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Protection of Heart and Rejection of Lymphocyte Allografts from the Same Donor in Recipients of Donor-Specific Transfusions

M Jasklowska-Englisz, W L Olszewski, M Maksymowicz, A Ziolkowska

Ann Transplant 1998; 3(1): 28-33

ID: 497368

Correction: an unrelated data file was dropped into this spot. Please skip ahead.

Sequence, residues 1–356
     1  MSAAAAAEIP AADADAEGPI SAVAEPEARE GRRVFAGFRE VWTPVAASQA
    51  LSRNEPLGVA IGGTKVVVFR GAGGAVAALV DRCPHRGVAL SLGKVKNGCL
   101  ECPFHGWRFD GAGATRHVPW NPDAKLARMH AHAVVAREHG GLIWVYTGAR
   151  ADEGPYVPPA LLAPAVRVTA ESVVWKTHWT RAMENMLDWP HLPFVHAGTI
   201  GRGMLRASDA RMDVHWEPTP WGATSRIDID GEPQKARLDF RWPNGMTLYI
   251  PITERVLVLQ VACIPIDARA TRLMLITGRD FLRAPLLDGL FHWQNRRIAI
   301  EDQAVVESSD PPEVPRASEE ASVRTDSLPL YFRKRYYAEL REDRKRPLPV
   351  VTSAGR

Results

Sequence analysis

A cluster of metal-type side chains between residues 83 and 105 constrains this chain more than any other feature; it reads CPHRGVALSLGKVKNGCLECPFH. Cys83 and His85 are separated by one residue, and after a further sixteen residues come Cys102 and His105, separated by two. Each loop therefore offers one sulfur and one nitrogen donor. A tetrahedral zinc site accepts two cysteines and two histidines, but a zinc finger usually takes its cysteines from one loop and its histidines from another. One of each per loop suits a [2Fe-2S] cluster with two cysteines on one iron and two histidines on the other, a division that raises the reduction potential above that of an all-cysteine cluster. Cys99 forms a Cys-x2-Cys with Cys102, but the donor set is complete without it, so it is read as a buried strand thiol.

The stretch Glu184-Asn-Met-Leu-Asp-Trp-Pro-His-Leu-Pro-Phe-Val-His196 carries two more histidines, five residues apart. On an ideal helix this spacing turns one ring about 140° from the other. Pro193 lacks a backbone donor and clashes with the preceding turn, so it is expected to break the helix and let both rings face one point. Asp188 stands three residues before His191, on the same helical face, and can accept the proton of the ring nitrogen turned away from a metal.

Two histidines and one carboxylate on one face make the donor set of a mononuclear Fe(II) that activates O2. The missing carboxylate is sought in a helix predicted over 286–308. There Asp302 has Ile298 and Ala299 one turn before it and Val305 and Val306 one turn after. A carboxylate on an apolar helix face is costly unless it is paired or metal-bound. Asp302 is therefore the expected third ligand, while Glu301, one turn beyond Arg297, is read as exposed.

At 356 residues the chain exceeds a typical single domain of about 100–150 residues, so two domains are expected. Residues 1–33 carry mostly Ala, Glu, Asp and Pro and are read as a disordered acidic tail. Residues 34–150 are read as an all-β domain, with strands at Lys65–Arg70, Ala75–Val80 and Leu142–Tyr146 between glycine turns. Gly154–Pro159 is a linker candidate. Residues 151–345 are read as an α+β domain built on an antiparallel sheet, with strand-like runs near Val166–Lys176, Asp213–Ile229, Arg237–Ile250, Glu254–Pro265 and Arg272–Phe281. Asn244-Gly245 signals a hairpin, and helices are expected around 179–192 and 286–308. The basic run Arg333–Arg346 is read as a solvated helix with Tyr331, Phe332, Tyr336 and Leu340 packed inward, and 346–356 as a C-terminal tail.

Organ allografts survive in hosts treated with immunosuppressive drugs. The question arises as to whether cells isolated from organ or tissue of an allogeneic donor and transplanted to a genetically disparate recipient can also benefit from the immunosuppressive regimen. We reported previously that the DST (donor specific transfusion) recipients accept heart allografts but reject hyperacutely Lv. infused lymphocytes from the same as DST donor. The present study was devoted to elucidation of the mechanism of these divergent processes. Syngeneic BN hearts and mesenteric lymph node lymphocytes were transplanted to LEW rats pretreated one week previously with donor specific blood transfusions. The allogeneic BN lymphocytes transplanted Lv. to l:EW rats receiving one BN DST were rejected hyperacutely within 6hrs, whereas BN heart grafts transplanted to the BN DST-treated LEW recipients survived 14 :t 2 days. Adoptive transfer of LEW anti-BN DST sera to naive LEW rats caused destruction of the transplanted BN lymphocytes. The LEW BN DST recipients possessed IgG and IgM class alloantibodies binding to BN lymphocytes and heart endothelial cells. mAbs against MHC class I (OX 18) and class II (OX6) antigens neither blocked binding of antibodies of DST-recipient sera to BN lymphocytes nor protected the preincubated BN lymphocytes against destruction after transplantation. Western blot analysis revealed that alloantibodies from DST -recipient sera bound strongly to BN lymphocyte membrane proteins of 60 kd m.w. but not to 45kd and 30kd MHC class I and II proteins. Taken together, DST has no protective effect on intravenously transplanted cells. In contrast, it accelerates the rejection. Alloantibodies present in DST-recipient sera "shield" antigens on the surface of organ allograft endothelial cells. thereby protecting them from recognition and cytotoxic effect. Simultaneously. these alloantibodies "opsonize" the intravenously transplanted lymphocytes and facilitate their halting in lymphoid organs and subsequent lysis. Antibodies other than those directed against MHC seem to mediate both these processes. The results of these studies provide also evidence that the effector mechanism of rejection may be different depending on location of the graft. in the lymphoid as in case of transplanted lymphocytes or in non-lymphoid tissues as heart grafts.

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